You are browsing our archive of past reviews. Shows often evolve and develop as time goes on, so the views expressed here may not be an accurate reflection of current productions.

Huddled outside in a square hidden by buildings, the audience is confronted by blaring discordant music booming out from giant speakers. Amidst the darkness, two men on stilts wearing leather masks and billowing orange trousers stride into the square. Shining searchlights into the audience’s faces, these stalking figures with their cracking whips are terrifying.

After the opening scene, an excerpt from W.H. Auden’s The Refugee Blues is played over the speakers; written in 1939 about the plight of Jews in Germany, the words still haunt and resonate today. The specific conflict that inspired the production, however, was the war in Bosnia in the 1990’s, and the associated ethnic atrocities that took place.

The scenes that follow use analogies to show how civilians caught in conflict can suffer, and yet also how conflict can cause people to inflict suffering on one another. In one scene soldiers spit wine over a bound woman – an obvious metaphor for rape – and yet they are soon drunk, and are thinking about their girlfriends back home. It is a brutal scene that perfectly encapsulates the duality of soldiers in warfare when it comes to their relationships with women.

One of the major elements used in this production is fire. It destroys and ravages all around it, but it really ups the spectacle especially when combined with the very talented stilt walkers. The set is minimalist and stark, with metal, ropes and clothing making up the majority of the props used. And so the mostly-empty square is dominated by an ominous building at the back where people are herded to and from.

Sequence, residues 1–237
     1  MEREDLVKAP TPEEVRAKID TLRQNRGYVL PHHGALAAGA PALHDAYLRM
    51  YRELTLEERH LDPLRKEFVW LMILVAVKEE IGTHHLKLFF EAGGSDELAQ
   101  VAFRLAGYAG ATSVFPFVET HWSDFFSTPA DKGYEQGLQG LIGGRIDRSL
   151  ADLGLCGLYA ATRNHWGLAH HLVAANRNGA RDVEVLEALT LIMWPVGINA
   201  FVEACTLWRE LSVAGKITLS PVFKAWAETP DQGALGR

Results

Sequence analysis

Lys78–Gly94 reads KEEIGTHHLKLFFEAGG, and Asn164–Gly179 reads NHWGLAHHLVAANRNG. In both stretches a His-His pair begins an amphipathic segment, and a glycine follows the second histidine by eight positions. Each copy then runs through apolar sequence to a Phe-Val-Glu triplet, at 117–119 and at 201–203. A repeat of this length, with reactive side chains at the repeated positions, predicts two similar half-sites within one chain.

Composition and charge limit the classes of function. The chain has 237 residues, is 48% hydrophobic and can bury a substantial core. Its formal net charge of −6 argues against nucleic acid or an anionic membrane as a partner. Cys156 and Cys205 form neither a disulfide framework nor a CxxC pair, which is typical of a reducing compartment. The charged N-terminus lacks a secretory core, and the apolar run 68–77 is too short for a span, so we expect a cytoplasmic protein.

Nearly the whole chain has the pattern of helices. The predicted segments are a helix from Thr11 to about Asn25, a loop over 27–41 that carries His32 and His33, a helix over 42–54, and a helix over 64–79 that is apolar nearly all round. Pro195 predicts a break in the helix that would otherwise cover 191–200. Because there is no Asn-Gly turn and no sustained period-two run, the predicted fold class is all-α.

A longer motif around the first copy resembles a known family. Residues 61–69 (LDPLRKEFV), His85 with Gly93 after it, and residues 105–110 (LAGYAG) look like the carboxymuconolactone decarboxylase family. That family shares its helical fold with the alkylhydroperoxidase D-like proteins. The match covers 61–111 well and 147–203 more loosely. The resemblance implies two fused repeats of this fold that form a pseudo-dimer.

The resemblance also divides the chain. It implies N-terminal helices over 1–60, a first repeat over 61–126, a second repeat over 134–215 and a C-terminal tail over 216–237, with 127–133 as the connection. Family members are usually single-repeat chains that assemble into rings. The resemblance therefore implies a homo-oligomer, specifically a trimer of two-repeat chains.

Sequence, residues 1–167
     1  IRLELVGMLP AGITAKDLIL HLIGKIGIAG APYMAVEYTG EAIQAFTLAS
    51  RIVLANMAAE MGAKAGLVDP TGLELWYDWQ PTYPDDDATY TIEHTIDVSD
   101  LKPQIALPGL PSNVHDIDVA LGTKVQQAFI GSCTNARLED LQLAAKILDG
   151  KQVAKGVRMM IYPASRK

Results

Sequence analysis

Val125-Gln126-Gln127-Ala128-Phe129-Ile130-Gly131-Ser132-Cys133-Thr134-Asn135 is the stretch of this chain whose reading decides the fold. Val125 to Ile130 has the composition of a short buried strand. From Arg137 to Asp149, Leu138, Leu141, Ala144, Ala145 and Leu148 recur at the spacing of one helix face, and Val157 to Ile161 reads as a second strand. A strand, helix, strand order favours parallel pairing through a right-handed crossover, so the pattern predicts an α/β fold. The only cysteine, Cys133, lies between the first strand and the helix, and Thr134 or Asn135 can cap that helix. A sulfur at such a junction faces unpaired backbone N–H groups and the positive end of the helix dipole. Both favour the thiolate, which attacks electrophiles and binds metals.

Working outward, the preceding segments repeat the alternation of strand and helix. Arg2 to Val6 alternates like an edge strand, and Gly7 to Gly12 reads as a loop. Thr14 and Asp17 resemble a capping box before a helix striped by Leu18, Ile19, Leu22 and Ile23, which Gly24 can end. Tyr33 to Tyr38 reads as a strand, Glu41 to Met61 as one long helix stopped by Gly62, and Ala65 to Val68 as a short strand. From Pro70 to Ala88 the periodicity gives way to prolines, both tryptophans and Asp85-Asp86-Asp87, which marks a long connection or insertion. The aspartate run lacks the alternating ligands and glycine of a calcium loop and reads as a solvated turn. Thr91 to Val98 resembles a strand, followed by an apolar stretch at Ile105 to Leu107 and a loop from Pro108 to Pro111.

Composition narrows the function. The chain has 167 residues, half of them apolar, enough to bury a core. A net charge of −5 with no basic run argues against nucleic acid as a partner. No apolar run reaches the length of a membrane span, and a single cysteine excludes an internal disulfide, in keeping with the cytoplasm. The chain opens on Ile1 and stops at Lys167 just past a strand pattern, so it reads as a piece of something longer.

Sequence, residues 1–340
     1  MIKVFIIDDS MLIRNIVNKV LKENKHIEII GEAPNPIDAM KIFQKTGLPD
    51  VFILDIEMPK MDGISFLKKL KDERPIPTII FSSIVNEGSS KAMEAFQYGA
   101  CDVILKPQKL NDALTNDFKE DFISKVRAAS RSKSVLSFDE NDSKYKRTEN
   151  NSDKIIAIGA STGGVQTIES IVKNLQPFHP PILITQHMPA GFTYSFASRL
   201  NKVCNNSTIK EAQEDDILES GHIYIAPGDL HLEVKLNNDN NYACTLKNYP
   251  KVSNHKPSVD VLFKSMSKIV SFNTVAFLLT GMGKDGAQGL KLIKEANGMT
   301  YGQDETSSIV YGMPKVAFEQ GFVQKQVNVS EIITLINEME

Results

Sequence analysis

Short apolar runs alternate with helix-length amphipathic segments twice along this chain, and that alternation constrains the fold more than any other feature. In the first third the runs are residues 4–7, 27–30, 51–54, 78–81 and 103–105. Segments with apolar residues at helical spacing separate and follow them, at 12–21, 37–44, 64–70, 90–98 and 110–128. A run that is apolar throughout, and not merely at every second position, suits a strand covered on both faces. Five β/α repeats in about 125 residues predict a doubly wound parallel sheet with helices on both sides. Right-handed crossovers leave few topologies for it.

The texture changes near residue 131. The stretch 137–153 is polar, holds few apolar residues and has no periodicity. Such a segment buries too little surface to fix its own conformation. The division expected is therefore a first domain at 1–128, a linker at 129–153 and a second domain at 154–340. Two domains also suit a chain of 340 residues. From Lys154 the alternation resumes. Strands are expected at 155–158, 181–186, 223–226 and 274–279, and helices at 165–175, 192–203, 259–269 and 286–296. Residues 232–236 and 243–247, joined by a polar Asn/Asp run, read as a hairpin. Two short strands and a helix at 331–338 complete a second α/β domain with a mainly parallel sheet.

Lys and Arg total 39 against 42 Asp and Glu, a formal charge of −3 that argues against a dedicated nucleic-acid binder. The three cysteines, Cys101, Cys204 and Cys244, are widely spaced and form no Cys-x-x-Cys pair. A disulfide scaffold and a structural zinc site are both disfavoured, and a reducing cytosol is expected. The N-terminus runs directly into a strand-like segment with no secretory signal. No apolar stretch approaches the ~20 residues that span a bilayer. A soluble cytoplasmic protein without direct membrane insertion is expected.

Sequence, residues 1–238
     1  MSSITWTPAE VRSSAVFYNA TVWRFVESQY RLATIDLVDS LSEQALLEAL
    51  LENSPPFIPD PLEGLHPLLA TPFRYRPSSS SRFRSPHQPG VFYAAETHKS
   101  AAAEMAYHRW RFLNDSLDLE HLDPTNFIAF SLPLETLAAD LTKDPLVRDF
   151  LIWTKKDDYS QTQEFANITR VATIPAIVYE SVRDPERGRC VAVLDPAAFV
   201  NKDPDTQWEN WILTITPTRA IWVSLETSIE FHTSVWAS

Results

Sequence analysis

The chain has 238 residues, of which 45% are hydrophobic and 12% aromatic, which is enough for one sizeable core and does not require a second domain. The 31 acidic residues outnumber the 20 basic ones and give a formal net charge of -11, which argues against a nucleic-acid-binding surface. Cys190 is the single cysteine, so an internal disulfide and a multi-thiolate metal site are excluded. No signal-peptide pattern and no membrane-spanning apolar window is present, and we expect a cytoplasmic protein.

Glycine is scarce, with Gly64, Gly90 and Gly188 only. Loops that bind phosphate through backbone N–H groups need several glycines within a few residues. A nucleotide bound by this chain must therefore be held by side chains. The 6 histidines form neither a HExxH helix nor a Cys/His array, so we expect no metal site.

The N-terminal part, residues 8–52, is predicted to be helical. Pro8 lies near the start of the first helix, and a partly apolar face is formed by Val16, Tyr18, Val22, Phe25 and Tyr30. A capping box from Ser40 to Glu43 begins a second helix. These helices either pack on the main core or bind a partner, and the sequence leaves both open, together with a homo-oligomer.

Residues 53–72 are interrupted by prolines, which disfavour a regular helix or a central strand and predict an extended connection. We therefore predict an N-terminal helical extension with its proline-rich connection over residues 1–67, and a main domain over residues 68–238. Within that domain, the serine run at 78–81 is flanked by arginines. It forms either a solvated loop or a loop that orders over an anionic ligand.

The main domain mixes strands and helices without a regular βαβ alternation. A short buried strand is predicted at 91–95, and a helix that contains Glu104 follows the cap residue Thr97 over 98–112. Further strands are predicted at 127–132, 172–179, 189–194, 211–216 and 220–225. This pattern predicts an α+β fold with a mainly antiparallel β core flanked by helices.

On the day I saw the performance it was extremely windy, making it impossible to hear the few words actually spoken by the cast. Luckily, there is only one scene with spoken words, and the meaning was not lost. The wind also meant that some of the items on fire were less controlled than they might ordinarily be, and sparks were flying everywhere – which I thought was rather apt.

The production may now be over twenty years old, but it is as relevant today as it has ever been, with warfare and ethnic cleansing still continuing throughout the world. Indeed, with time has come the ability to hone the production; it is concise, at only forty-five minutes, but each point hits home with brutal efficiency.

Carmen Funebre is spectacular. Its spectacle and power are haunting, and the show will remain with you for a long time to come.